Monday, 9 March 2015
Neoliberalism is wicked. I’m disgusted.
It’s pathetically easy to organise a witch hunt: i.e. get the human race worked up into a frenzy of righteous indignation about almost anything.
As William Hazlitt (1778-1830) put it, “Defoe says that there were a hundred thousand stout country fellows in his time ready to fight to the death against popery, without knowing whether popery was a man or a horse.”
One of the currently fashionable witches to hunt is “neoliberalism”. All self-respecting lefties have declared themselves willing to die in the fight against neo-liberalism (without actually being able to define the term). Looking up words in dictionaries is far too much like hard work for lefties, and indeed most of the rest of the population.
One of the many disasters allegedly wrought by neo-liberalism is the current Euro shambles, i.e. the austerity being suffered by the EZ periphery. Just Google “neoliberalism” and “eurozone” and “periphery” and you’ll find dozens of articles attributing Europe’s problems to neoliberalism. But there’s a couple of examples here and here.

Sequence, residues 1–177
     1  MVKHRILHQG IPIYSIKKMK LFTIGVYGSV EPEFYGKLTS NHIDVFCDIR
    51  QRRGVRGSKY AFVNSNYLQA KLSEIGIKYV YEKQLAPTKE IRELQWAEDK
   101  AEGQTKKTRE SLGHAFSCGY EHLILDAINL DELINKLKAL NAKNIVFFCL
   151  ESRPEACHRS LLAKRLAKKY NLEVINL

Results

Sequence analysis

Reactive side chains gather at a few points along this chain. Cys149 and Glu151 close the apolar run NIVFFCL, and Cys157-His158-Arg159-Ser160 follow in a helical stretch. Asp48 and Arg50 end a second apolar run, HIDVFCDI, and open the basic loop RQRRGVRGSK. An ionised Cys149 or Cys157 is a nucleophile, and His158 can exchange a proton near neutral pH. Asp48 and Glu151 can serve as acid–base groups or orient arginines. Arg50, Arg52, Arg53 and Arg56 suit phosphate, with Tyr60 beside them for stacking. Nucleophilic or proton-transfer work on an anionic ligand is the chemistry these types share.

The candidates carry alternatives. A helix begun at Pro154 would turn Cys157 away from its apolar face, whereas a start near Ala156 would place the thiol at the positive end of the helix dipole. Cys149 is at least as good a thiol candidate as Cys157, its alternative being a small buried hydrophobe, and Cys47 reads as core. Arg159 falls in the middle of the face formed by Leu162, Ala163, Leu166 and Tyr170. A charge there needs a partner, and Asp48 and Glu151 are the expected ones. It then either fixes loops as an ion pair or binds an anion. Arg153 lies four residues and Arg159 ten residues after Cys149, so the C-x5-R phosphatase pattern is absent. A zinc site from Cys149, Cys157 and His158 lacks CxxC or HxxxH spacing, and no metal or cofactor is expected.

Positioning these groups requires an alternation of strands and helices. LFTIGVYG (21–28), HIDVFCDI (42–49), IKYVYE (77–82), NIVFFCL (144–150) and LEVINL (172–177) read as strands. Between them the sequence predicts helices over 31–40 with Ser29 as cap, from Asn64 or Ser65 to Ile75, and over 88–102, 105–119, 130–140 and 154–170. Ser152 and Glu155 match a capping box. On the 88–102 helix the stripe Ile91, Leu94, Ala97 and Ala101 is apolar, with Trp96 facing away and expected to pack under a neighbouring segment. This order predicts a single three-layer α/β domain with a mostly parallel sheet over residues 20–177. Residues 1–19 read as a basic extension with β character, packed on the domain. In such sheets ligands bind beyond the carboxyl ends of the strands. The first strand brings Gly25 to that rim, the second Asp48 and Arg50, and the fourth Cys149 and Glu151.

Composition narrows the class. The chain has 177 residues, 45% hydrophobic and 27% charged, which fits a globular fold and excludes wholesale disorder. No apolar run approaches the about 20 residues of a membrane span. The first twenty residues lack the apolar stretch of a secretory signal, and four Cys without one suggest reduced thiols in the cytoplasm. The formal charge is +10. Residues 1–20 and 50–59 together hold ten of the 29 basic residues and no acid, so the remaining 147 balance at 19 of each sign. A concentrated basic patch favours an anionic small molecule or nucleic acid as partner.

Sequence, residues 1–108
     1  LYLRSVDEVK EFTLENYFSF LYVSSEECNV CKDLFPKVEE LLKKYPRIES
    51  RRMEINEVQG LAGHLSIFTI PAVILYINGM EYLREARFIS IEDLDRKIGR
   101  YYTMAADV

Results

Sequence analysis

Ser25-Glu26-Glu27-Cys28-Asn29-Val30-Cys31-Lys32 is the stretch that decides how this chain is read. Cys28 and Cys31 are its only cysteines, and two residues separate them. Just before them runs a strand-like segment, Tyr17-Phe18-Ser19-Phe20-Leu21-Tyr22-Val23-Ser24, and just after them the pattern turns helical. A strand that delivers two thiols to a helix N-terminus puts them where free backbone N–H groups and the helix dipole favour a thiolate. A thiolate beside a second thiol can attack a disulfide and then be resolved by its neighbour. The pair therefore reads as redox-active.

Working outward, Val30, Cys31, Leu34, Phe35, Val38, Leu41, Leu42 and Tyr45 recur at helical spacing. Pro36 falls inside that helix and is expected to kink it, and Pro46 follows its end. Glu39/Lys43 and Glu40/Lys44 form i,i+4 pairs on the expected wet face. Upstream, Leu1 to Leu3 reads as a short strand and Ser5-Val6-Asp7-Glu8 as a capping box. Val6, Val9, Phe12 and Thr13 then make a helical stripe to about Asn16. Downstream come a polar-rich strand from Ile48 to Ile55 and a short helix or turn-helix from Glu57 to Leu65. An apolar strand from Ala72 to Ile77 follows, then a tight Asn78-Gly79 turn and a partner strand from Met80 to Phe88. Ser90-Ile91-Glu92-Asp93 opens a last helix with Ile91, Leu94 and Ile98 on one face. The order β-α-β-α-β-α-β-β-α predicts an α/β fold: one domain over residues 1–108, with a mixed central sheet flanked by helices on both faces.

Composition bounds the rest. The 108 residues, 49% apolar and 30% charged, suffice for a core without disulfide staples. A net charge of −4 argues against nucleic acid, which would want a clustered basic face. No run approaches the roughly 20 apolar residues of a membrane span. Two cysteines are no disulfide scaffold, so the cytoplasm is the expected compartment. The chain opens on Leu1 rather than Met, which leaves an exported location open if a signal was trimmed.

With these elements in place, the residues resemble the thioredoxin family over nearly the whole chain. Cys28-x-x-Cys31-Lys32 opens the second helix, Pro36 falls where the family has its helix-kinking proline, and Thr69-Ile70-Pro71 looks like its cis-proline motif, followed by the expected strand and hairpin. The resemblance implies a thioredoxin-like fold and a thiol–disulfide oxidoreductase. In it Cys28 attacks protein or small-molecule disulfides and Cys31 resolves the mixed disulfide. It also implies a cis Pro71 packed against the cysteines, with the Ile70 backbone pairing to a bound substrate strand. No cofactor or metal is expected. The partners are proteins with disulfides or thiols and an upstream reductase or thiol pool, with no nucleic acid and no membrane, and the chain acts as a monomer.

As to the definition of neoliberalism, it’s defined in most dictionaries as a belief in the merits of free markets and minimising government involvement or interference in the economy.
Now what is particularly “free market” about the Eurozone? The basic or defining characteristic of the Eurozone is simply that it’s a geographical area which uses the same currency, rather than each country having ITS OWN currency. I can’t see anything inherently neoliberal about that.
And when it comes to competitiveness disparities between different countries, that is dealt with in the Eurozone by internal devaluation, as compared to “regular” or “normal” devaluation in the case of countries which all have their own currencies. Nothing inherently neoliberal there either.
There is of course the point that internal devaluation takes much longer to work than normal devaluation, and results in more austerity. But the architects of the Eurozone presumably thought that was a price worth paying for the benefits of the Eurozone. It looks very much like they miscalculated. But that miscalculation does not stem from a belief in neoliberalism.